SchoolJournalism.org

Day 2 Law and First Amendment lesson

Prepared by: Jami Williams, Mexico High School, Mexico, Missouri

TARGET
Students will be understand the freedoms guaranteed to scholastic journalists under the First Amendment.

EDUCATION METHODS

  1. Group project with teacher as guide and facilitator
  2. Collaboration and presentation

OBJECTIVES

  1. Level 1 (Proficient) application of the knowledge learned during the individual research project
  2. Level 1 (Proficient) discussion and discourse that exemplifies understanding of Hazelwood v. Kuhlmeier

MATERIALS NEEDED

  1. Students will need to have their Everything You Need To Know graphic organizer
  2. A method for dividing students into two groups
  3. Index cards
  4. Sharpies
  5. Point/Counterpoint hand out

VERIFICATION
Steps to check for student understanding

  1. Teacher will do frequent comprehension checks in the form of Classroom Assessment Techniques (thumbs up, thumbs down; exit slip in the form of post-it note summary); for more CAT’s go here: https://cft.vanderbilt.edu/guides-sub-pages/cats/
  2. Summative assessment in the form of a group presentation.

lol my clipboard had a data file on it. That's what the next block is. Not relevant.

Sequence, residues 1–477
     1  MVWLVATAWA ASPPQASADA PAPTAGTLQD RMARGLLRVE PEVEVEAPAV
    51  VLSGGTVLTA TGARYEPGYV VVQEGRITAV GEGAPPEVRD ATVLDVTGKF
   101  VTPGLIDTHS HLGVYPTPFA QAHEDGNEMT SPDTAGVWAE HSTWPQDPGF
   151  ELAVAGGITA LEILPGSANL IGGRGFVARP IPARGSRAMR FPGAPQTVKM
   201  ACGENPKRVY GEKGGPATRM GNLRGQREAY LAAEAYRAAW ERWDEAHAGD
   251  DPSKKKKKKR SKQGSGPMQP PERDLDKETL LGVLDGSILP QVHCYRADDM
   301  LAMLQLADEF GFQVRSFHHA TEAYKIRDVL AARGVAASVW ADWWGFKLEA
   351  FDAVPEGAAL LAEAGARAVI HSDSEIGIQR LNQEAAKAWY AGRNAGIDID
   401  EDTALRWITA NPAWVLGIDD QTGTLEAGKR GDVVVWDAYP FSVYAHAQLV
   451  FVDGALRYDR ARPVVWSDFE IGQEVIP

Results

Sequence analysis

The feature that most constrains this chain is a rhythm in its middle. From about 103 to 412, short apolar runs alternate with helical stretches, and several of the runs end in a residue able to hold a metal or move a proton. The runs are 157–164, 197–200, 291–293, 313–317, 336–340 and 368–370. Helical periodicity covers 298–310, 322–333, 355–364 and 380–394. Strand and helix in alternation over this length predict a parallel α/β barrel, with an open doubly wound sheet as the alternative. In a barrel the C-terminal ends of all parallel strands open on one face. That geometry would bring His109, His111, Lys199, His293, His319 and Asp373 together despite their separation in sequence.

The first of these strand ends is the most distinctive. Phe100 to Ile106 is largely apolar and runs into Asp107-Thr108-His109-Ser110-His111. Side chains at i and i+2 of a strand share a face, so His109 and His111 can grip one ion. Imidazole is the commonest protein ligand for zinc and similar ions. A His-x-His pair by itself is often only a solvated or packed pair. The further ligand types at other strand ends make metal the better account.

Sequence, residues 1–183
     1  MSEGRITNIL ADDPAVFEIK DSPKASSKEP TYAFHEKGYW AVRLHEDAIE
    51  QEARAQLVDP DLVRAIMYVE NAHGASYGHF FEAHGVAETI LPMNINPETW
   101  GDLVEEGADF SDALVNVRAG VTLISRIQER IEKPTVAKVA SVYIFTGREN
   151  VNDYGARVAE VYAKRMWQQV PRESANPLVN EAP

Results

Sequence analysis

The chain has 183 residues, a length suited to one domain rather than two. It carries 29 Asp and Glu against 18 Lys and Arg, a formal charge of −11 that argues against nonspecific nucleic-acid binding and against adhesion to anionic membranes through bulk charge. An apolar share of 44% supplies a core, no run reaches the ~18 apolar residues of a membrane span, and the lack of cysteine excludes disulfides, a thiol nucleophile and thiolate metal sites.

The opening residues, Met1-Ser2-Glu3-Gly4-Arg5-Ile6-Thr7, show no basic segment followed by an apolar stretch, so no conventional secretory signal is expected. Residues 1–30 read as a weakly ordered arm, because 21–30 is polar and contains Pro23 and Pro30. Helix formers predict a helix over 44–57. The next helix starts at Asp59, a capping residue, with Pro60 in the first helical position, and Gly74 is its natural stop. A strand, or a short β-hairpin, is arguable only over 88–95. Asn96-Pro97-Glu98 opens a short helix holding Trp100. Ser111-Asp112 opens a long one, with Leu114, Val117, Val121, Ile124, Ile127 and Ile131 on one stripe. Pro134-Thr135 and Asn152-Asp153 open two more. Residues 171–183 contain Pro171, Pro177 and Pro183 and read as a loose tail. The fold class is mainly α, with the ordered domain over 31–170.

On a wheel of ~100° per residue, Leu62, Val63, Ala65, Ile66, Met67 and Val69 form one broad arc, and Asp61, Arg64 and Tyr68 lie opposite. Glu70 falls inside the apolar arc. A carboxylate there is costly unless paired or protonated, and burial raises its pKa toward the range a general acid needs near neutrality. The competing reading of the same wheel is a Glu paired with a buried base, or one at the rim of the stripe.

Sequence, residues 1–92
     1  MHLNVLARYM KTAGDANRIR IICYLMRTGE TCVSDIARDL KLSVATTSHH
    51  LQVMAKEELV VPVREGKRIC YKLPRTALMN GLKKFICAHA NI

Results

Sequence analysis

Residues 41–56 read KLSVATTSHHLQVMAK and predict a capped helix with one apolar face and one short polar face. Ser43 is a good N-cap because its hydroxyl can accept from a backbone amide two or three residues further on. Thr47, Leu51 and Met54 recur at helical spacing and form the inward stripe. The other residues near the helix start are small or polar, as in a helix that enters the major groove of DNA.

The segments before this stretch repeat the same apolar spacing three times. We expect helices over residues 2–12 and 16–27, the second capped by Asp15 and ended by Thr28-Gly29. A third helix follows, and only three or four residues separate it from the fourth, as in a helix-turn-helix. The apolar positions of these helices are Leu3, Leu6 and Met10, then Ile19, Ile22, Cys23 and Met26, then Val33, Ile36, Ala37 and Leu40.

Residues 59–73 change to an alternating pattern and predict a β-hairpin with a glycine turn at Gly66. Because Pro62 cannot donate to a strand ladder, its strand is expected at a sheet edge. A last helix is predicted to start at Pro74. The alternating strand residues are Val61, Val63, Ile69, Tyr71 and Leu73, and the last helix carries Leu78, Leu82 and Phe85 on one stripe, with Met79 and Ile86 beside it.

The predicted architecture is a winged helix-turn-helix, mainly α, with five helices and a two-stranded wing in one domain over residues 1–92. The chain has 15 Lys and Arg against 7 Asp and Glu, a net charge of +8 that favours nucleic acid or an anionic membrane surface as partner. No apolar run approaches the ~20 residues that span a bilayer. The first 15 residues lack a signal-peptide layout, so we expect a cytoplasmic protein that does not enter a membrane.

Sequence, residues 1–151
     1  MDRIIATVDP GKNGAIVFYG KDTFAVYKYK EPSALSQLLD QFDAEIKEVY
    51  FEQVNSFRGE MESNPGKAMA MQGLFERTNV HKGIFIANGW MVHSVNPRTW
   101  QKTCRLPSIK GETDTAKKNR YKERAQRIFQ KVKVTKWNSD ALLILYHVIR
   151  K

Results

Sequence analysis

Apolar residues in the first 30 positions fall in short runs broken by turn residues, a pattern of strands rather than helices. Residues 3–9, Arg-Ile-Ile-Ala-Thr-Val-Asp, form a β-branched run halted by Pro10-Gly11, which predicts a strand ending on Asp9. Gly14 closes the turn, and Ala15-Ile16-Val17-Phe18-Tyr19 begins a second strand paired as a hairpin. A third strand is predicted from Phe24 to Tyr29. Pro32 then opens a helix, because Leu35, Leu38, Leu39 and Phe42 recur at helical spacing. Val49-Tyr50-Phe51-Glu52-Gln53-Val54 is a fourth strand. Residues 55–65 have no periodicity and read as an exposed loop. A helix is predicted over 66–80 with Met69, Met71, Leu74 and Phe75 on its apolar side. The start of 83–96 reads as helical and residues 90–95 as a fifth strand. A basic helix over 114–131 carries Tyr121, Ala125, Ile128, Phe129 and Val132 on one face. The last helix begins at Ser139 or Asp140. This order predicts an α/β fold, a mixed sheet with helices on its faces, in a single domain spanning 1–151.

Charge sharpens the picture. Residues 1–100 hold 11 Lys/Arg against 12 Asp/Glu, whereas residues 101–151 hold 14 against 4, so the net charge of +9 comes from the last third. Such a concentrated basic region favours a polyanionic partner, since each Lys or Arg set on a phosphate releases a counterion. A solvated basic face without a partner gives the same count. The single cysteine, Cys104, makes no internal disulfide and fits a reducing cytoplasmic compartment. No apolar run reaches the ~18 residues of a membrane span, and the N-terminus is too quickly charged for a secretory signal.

FLOW OF LESSON

  1. Suggested bell ringer: After researching the Hazelwood v. Kuhlmeier case last night, do you feel that the right decision was handed down?
  2. Teacher will separate the class into two groups and continue with the activity below.
  3. BE PREPARED to wrap up the end of the lesson with a discussion of what the Hazelwood decision means for public school journalism and why as well as how your state treats prior restraint as some states in recent years have changed.

GROUP PRESENTATION OF KNOWLEDGE

  1. This activity will give students the opportunity to use the information they discovered last night.
  2. Teacher will separate the students into two groups.
  3. Teacher will assign one group to be the “lawyer” for Hazelwood; the other group will “lawyer” for Kuhlmeier; use Point/Counterpoint handout to help students organize.
  4. The groups will be given time to prepare their case. Each group will be asked to give an opening statement saying what they are going to prove.
  5. One by one, the students will face off with points and counterpoints, each one explaining why their case should win.
  6. When you as the guide feel that all of the relevant points have been discussed, you should stop and explain the significance of the Hazelwood case.

WRAPPING IT UP

  1. Exit slip: In one sentence, sum up why you feel freedom of the press is such an important freedom in today’s society.

 

 

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